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Rosie Lee: Dandy Fresh, Dressed to Impress

By Dan Swartz

Fort Wayne Reader

2016-05-05


Artists have become a new “priestly class” in their ability to identify globalistic trends and bring new ideas to the forefront. This process has included many different formats, but one consistent method has been the incorporation of other creative fields into their art practice, from architecture and graphic design to fashion and food.

Many artists are beginning to understand the powerful combination of incorporating fashion trends and aesthetics into figurative works. This natural fit between the exploration of the human figure and the items which adorn it makes a great deal of sense, but can also lead to many deeper issues in relation to identity, sociological trends, and politics. From artists like Marilyn Minter to Yinka Shonibare and Nick Cave, fashion is becoming more and more important in the way that we see ourselves and others. Locally, there are a number of artists with Fort Wayne connections who are working with aspects of this, but none as elegantly as Rosie Lee.

Rosie Lee is a Kalamazoo, Michigan based artist who formerly lived in Fort Wayne, and is native to Texas. With a practice primarily based in mixed media painting on canvas and paper, Rosie Lee’s work discusses the identity of both African and African-American communities. Lee’s work can be compared to a number of different contemporary artists, but stays original and fresh in part to exploring this heavily unexplored territory, but also by pushing the formal boundaries of painting itself. This takes the form of moving to works painted on pieces of cloth which are shaped to frame and occlude the picture plane itself. In pieces like “Fresh Dressed Like a million Tusks,” and “100 Miles and Running for Black Models,” Lee chooses cloth which is heavily patterned and textured which would be intended for use in the construction of utilitarian structures (clothing, bedding, etc), but then paints into them a distinct picture plane, and a complex image unto itself. Through the installation of the work, Lee then shapes the excess fabric around the image itself pulling it up and around the image, pulling the painting into the viewer’s physical space which also makes the piece into a sculptural installation as much as a painting.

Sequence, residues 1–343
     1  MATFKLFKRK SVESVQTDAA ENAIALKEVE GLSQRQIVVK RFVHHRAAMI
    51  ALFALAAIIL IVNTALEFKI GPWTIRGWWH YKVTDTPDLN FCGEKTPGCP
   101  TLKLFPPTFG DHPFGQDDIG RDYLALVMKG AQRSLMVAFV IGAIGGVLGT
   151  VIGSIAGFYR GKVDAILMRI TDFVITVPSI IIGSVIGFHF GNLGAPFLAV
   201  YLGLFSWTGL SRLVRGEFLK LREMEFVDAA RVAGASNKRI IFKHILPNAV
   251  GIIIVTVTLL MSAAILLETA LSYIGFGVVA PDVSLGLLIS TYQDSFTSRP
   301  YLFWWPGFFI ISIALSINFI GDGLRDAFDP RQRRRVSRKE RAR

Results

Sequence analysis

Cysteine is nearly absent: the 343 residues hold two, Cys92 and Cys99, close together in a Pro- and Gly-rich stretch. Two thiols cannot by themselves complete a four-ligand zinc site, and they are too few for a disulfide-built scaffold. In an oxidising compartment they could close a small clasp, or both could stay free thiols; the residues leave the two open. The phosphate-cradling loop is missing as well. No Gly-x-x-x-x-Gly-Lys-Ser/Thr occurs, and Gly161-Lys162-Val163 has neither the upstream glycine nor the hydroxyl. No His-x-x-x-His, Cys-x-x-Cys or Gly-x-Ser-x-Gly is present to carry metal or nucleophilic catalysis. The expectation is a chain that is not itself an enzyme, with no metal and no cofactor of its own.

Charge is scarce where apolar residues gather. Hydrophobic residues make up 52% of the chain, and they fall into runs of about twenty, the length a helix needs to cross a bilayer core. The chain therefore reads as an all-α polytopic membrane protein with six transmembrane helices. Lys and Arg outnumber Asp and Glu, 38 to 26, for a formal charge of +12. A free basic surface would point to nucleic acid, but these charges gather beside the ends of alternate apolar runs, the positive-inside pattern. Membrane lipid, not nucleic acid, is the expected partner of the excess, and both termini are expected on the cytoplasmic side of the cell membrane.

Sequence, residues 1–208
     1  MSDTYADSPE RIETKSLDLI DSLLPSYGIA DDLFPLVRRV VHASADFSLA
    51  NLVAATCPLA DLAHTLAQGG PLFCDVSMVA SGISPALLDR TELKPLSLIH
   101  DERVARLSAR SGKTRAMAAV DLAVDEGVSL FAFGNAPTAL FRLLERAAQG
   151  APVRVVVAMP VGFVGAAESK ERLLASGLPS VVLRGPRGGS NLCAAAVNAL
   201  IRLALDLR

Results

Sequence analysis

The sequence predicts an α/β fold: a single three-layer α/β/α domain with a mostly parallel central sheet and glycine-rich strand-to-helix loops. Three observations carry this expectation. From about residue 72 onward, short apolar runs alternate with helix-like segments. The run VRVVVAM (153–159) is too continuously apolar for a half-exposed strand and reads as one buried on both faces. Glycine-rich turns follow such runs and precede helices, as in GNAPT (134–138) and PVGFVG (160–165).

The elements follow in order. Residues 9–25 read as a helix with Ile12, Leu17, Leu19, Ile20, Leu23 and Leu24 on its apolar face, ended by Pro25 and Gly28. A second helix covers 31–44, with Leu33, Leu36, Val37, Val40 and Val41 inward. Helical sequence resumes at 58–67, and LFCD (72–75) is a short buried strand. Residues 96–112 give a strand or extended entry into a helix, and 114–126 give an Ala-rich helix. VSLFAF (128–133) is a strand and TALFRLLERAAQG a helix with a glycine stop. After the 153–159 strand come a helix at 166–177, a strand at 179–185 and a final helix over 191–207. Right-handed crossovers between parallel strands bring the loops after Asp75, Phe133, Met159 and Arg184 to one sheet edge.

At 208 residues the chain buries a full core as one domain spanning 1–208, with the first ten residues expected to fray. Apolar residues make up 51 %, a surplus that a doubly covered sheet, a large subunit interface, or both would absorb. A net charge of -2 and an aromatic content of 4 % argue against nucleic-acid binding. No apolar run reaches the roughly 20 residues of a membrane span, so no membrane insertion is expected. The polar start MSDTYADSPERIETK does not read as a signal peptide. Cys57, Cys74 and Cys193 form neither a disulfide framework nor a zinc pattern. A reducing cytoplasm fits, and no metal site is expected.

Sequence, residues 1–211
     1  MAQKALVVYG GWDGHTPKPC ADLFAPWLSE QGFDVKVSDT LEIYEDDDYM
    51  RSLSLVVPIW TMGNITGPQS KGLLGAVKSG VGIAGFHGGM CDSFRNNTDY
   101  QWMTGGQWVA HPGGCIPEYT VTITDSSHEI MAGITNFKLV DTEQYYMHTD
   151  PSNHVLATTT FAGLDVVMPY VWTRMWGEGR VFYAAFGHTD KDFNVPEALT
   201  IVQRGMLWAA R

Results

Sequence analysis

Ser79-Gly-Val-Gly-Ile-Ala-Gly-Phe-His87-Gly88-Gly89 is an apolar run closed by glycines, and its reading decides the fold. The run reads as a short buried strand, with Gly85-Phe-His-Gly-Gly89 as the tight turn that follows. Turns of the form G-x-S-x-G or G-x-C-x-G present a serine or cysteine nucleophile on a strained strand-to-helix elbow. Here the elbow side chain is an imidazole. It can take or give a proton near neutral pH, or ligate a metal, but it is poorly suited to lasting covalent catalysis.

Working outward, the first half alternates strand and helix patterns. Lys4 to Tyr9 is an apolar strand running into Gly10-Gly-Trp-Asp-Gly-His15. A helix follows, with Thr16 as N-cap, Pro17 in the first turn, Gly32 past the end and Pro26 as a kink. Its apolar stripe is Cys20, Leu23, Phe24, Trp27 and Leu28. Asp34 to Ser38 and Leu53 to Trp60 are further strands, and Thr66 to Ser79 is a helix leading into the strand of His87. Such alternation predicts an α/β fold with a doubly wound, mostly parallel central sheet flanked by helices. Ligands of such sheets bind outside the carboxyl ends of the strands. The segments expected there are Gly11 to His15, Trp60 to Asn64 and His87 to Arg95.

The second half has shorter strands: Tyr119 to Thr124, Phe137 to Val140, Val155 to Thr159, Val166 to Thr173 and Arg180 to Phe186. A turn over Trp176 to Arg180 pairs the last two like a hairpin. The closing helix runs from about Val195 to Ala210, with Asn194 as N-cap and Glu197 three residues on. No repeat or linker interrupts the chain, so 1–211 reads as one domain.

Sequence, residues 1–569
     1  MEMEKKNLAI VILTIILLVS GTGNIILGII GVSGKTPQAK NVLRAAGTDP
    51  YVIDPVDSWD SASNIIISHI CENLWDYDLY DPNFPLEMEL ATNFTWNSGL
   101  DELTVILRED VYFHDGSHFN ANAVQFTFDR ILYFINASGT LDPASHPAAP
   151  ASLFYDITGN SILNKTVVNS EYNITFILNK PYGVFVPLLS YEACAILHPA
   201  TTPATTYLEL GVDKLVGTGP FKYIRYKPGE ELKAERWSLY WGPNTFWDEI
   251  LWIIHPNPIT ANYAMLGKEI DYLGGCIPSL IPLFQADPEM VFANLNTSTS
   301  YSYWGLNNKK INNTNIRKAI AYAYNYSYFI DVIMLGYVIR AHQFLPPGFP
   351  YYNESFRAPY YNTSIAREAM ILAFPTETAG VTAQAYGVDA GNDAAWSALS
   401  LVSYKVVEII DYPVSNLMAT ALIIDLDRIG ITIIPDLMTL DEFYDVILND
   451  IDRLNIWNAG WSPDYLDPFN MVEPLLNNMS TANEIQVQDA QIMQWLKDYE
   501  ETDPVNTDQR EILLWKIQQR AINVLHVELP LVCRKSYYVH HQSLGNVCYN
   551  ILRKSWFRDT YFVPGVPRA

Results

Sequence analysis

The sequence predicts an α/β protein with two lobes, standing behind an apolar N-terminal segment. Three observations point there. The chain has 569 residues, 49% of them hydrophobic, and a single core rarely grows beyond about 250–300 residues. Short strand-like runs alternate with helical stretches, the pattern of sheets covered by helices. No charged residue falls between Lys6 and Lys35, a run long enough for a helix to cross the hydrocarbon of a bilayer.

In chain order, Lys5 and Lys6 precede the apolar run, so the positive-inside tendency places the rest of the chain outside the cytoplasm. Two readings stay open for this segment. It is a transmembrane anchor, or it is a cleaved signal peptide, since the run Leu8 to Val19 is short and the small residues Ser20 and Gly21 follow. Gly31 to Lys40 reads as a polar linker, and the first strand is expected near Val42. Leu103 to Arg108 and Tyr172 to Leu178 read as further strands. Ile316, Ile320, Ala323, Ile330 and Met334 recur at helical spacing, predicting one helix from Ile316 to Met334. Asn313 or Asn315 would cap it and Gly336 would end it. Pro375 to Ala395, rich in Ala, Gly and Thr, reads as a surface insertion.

Other works, like “Spoiled on Life/Dandy Fresh to Death,” and “No Ateliers/Hand Stitch Imaginations” are works on paper and unlike other pieces, take on a more casual presence, like ideas which have to get out quickly to further inform the other more studio paintings which take on a more labored presence. These works on paper remind the viewer of artists like Laylah Ali and others who draw the eye in quite tight to see the body language, nuanced facial recognition, and detailed patterning of clothing on their figures. In these pieces, Lee’s work speaks volumes through the interactions and isolation of his figures, as they inhabit a mostly undefined space in the picture plane. In “No Ateliers…” Lee backs up the figure, a fashionable young women donning glasses and a head wrap among other identifiers, with an abstract field that reminds the viewer of the orientation a mural or other piece of street art work take if this image were pulled from a fashion blog like the Sartorialist. These subtle decisions in Lee’s method of representing figures and their fashions producing something much larger than the sum of their parts. The viewer is able to relate to not only the image they are seeing, but the characters they are witnessing as well. We begin to make character judgments about them based on their dress and stance, and when the viewer is reflective, we realize the way we relate to each other in the real world through our judgments of these images.

Overall, Rosie Lee’s work explores the sense of style and representation of a contemporary African-American individual with that of the “Smarties” of South Africa and the “Dandies” of the Congo. Lee’s website includes the following, "Dandy
Fresh" is more than a trendy phrase to describe the lifestyle and artwork of Rosie Lee but a philosophy birthing a movement that demonstrates how the struggle of African people is not defined by, nor limited to socioeconomic circumstances confirming the message, "class doesn't apply to style." In this way, Rosie Lee’s work acts as a subversive tool for social justice without any overtones or blatant imagery. It brings up questions about the way we relate to people of a different culture and people who have dark skin. Audiences of all ethnic background, including African-Americans are asked to compare themselves to the wide array of characters which Rosie Lee represents. We are asked to think about the symbols we wear, the conversations we are having with each other without words based on the way we dress and present ourselves, and ultimately how differences are true and real, and not something to hide from or diminish in a “all people are made equal”, but in a celebration of our differences and our struggle to live a life in an equitable state with each other.

Rosie Lee’s work reminds us of the strength of fashion, and the ever-present room for new expression in the art world even in the face of postmodernism. Lee leaves us with a simple phrase to help us with this reminder, “Fashion is everywhere, but style is everything.”

For more information:
“Rosie Lee: The Dandy Fresh Collection”
www.rosieleeart.com/
“Import/Export”
Wunderkammer Company & Jennifer Ford Art
May 14-July 1, 2016

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